2600 km exclusion zone around Chernobyl? Seems rather large; I haven’t checked the map but I think that would include Moscow, St Petersburg, Berlin and so on. Was it 2600 m? Actually looking it up, I see it is 2600 km^2 which would have a radius of 30 km. https://en.wikipedia.org/wiki/Chernobyl_Exclusion_Zone

    • Randy schenck
      Posted May 2, 2017 at 10:14 am | Permalink

      However, I believe they were able to construct the project roughly 300 meters from the destroyed building and then spent 7 days sliding the massive structure in place.

  7. Posted May 2, 2017 at 10:34 am | Permalink

    Nice clip of Alessandro Scarlatti, Domenico’s less famous but far more talented father. And hey, I engineered that recording! Could it really be 20 years ago?

  8. JonLynnHarvey
    Posted May 2, 2017 at 11:24 am | Permalink

    A terrific play about Anne Boleyn had a West Coast premiere here in the Bay Area about 2 years ago at Marin Theatre.

    http://www.marintheatre.org/productions/anne-boleyn

    Arguably, the chief architect of modern Anglicanism is Queen Elizabeth I, though Henry certainly provided her the means.
    Henry in turn exploited a whole series of popular and more legitimate discontents with the papacy- the insistence that clergy be tried for even secular crimes by a clerical judge and jury, the incompetence of monasteries as landlords (worse than most dukes, earls, etc.) and so on.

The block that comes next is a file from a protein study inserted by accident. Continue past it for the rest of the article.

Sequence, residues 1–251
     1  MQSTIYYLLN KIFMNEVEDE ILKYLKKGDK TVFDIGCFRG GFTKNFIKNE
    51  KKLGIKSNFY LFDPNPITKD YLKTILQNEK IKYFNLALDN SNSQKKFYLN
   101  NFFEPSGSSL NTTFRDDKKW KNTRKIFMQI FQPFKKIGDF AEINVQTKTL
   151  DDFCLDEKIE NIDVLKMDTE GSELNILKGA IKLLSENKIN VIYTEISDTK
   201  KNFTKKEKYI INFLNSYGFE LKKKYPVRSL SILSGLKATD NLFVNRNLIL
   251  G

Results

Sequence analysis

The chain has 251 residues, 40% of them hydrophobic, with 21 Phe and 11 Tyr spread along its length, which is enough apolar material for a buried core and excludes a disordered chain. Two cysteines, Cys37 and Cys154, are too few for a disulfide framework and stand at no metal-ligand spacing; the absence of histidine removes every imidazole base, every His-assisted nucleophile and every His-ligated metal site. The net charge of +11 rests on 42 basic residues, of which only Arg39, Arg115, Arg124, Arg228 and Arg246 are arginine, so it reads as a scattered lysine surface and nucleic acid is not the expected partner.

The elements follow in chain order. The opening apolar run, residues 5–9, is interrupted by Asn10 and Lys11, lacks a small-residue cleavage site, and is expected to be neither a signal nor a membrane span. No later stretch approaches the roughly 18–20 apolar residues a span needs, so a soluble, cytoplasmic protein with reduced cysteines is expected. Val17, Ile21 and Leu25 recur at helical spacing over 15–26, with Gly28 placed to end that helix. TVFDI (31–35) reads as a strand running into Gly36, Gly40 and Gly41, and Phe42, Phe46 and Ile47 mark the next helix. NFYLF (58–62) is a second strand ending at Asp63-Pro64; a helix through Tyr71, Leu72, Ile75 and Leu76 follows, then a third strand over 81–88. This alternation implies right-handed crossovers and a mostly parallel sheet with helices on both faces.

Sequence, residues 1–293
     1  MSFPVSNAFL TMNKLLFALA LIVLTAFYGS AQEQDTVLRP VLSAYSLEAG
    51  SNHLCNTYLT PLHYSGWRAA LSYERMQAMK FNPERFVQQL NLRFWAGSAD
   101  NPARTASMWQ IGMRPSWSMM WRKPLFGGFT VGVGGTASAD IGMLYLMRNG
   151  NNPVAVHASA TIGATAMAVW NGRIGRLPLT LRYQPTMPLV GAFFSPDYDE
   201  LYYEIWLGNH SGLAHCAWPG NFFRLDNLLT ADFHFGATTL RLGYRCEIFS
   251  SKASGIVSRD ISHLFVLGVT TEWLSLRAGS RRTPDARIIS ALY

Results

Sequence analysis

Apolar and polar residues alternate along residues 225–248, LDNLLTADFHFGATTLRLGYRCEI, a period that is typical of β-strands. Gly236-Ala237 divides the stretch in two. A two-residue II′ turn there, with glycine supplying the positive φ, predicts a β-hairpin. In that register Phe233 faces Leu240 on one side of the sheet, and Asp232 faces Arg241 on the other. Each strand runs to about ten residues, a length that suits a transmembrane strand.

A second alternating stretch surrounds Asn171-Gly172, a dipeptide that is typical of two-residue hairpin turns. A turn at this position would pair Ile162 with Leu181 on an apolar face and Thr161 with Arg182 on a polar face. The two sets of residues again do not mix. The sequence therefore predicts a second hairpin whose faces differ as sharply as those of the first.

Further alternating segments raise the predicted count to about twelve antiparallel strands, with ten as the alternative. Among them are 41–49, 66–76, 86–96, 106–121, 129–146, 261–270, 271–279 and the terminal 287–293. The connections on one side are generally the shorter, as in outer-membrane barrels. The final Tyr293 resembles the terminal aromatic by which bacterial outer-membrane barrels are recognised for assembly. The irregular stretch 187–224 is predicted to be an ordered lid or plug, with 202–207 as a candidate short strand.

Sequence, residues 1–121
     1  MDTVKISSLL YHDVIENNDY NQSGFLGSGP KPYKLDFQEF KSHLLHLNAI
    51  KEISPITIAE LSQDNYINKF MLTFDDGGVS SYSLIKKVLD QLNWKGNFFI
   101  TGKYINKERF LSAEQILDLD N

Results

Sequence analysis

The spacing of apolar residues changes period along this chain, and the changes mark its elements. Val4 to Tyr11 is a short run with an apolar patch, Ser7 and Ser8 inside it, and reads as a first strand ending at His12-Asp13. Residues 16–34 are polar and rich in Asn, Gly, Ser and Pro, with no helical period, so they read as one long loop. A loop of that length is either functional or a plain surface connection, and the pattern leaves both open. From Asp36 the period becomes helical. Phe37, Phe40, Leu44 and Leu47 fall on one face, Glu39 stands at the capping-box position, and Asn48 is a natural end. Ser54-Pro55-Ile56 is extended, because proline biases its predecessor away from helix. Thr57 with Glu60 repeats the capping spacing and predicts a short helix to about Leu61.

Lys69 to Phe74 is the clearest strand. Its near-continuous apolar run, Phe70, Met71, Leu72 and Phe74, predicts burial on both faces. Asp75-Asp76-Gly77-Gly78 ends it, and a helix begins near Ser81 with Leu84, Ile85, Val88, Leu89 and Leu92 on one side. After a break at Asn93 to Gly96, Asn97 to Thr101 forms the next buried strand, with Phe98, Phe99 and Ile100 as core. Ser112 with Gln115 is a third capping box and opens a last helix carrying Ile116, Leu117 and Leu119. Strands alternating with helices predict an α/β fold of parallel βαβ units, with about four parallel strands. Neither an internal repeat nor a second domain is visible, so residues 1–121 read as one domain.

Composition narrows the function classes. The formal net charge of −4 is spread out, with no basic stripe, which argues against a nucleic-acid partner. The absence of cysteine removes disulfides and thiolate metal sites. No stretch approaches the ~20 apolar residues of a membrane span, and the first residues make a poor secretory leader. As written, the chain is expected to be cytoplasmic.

9. David Duncan
    Posted May 2, 2017 at 11:40 am | Permalink

    “Today in 1636 Anne Boleyn, second wife of Henry VIII of Britain was arrested on trumped-up charges…”

    1536

    • Dave
      Posted May 2, 2017 at 12:53 pm | Permalink

      And not forgetting that Henry was not Henry VIII “of Britain”, only of England (plus Wales, which was constitutionally absorbed into England). Scotland at the time was a completely independent state with its own monarch.

  10. Dale Franzwa
    Posted May 3, 2017 at 12:27 am | Permalink

    That “controlled scream” Pavarotti mentions comes out as the most beautiful music in the world, namely “opera,” in my opinion. I’m only sorry everyone in the world doesn’t agree with me. My only reason for bringing this up is that Trump is in the process of cutting all gov’t funding for The National Endowment for the Arts which is one source of funding for The Metropolitan Opera Co. as well as many other fine arts organizations. In addition, he plans to cut gov’t funding for The Corporation for Public Broadcasting which will not only adversely affect PBS and NPR but also Public Broadcasting stations all across the US.

    Trump brags about creating jobs but with the above actions he is cutting thousands of jobs for many deserving people in the arts and related occupations. I have yet to figure out how these “actions” benefit the economy.

  11. Posted May 3, 2017 at 6:41 am | Permalink

    What is happening – only one post yesterday?!